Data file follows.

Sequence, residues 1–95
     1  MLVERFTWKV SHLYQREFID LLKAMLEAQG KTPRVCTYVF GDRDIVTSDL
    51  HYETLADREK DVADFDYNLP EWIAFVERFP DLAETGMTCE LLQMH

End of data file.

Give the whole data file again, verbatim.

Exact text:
Sequence, residues 1–95
     1  MLVERFTWKV SHLYQREFID LLKAMLEAQG KTPRVCTYVF GDRDIVTSDL
    51  HYETLADREK DVADFDYNLP EWIAFVERFP DLAETGMTCE LLQMH